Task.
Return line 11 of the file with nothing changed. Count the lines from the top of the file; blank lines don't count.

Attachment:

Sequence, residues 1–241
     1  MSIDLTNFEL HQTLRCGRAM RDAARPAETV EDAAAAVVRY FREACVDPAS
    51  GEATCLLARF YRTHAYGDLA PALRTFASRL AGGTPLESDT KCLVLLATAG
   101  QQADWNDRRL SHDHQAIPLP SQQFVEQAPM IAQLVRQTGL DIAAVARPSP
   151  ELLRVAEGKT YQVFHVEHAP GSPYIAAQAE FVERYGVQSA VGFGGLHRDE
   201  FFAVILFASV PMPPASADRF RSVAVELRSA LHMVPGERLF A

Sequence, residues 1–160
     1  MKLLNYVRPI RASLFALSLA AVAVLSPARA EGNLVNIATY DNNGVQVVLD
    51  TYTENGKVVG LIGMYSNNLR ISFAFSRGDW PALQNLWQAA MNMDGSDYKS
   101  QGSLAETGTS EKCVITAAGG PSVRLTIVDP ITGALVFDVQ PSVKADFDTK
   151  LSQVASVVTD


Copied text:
   151  LSQVASVVTD